BALTIMORE (WJZ) — Three Baltimore City Council members and the Baltimore Digital Equity Coalition are asking the state to investigate Comcast for what they call “predatory price gouging.”
They say they’re concerned about the company’s new fees for internet data usage.READ MORE: Gov. Hogan Signs Bill To Allow Cocktails-To-Go, Alcohol Delivery Through June 2023
In a letter written to Maryland Attorney General Brian Frosh on Tuesday, some Baltimore City council members and the Baltimore Digital Equity Coalition are claiming that new internet data cap fees created by Comcast are a predatory form of price gouging for Maryland consumers.
“To add this arbitrary capricious fee in the middle of a pandemic is unacceptable,” Baltimore City Councilman Zeke Cohen said.
Cohen, along with Baltimore City council members Ryan Dorsey and Kris Burnett, say they learned that the company will charge $10 for every 50 gigabytes of data after internet customers go over a 1.2 terabyte limit, and can charge up to $100 dollars a month for the fees that they claim are a form of price gouging.
Maryland doesn’t have a permanent anti-price gouging law, but an executive order from Gov. Larry Hogan allows the attorney general to investigate when sellers attempt to take unfair advantage of consumers during the COVID–19 emergency by excessively increasing profits for essential consumer goods and services.
Tia Price is the Director of the Digital Equity Coalition. It was formed during the pandemic to get internet access and devices to people in the city who don’t have them.
She said the fees should not be put in place especially right now.READ MORE: Gov. Larry Hogan Signs 226 Bills Into Maryland Law Tuesday, Including One Legalizing Sports Betting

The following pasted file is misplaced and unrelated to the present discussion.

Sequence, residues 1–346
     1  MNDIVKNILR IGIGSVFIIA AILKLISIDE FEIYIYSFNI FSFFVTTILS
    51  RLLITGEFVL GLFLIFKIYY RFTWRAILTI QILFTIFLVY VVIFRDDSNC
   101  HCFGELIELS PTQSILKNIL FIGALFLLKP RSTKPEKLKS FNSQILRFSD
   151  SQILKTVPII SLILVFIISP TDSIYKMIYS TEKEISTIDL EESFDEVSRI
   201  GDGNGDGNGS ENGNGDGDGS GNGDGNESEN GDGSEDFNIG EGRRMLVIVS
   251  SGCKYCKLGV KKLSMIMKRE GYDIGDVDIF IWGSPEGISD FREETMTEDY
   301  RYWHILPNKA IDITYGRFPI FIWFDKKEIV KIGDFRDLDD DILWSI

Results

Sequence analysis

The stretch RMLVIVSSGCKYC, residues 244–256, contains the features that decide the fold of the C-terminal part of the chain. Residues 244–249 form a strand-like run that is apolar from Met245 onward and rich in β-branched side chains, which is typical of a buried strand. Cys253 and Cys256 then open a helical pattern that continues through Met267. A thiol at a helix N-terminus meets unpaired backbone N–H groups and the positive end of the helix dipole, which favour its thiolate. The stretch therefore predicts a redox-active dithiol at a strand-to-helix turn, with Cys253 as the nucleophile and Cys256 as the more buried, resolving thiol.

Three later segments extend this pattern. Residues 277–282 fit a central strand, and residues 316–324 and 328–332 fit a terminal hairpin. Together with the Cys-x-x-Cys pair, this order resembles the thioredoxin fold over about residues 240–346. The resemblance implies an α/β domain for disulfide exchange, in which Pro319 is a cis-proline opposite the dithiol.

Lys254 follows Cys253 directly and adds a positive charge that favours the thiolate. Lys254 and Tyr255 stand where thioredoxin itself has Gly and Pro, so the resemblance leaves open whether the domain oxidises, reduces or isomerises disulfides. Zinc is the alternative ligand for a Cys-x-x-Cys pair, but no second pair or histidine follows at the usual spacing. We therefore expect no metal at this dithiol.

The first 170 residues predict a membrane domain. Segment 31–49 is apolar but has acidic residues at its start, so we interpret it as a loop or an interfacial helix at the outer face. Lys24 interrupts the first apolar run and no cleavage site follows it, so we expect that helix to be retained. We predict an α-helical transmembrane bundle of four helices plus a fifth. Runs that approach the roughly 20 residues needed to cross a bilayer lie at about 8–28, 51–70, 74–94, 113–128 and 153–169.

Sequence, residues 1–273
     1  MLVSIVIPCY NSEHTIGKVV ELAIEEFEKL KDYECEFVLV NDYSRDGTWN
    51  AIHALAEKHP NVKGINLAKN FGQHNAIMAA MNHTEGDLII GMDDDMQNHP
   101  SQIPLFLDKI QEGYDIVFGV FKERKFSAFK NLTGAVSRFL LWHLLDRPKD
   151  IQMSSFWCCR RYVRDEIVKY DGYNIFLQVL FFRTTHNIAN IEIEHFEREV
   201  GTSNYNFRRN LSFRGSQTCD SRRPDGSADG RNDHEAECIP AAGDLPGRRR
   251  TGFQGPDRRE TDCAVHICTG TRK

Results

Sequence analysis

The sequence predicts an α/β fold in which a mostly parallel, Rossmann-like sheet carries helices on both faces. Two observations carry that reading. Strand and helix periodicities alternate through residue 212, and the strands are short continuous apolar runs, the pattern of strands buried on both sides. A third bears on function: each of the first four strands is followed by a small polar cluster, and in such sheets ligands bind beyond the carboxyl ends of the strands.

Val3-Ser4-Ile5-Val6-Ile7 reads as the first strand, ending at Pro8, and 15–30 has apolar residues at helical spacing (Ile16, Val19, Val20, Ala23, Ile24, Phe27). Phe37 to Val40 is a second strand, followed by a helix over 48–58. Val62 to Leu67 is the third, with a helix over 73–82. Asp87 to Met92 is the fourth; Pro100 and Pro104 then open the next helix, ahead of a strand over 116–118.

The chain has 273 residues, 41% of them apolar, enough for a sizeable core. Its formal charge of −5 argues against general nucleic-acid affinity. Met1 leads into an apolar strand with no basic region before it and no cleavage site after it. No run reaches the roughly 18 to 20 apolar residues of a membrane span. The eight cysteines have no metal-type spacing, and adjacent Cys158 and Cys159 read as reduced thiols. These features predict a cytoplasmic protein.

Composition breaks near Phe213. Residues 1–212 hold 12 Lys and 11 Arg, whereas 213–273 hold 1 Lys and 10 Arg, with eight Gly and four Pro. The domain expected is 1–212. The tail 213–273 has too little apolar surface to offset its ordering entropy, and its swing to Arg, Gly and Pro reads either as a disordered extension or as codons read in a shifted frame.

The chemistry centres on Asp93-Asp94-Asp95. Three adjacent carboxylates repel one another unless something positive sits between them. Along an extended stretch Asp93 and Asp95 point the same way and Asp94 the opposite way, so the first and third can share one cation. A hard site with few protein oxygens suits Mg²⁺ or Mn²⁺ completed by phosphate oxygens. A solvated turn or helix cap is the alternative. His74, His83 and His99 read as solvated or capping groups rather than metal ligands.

“If you are a family that is living paycheck to paycheck, which is a lot of people in Baltimore, having an additional $100 fee can be the difference between you being able to pay that utility and not,” Price said.
“We have to make sure that companies like Comcast are not able to benefit and make money off of a global pandemic,” she added.
The fees went into effect on January 1, but Comcast spokesperson Kristie Fox says there is a grace period for the fees and they won’t be charged until August 1.
In a statement, she said that 1.2 terabytes is a massive amount of data and a very small percentage of customers use more than 1.2 terabytes of monthly data and added that unlimited data options are available.
Comcast also says customers will get notifications when they are getting closer to the data threshold and can decide over the next few months if they need an unlimited data plan before they fees on their bills.
The attorney general’s office says they received the letter and will look into the issue.MORE NEWS: Baltimore's AFRAM Festival Will Be Back This Summer As A Hybrid Experience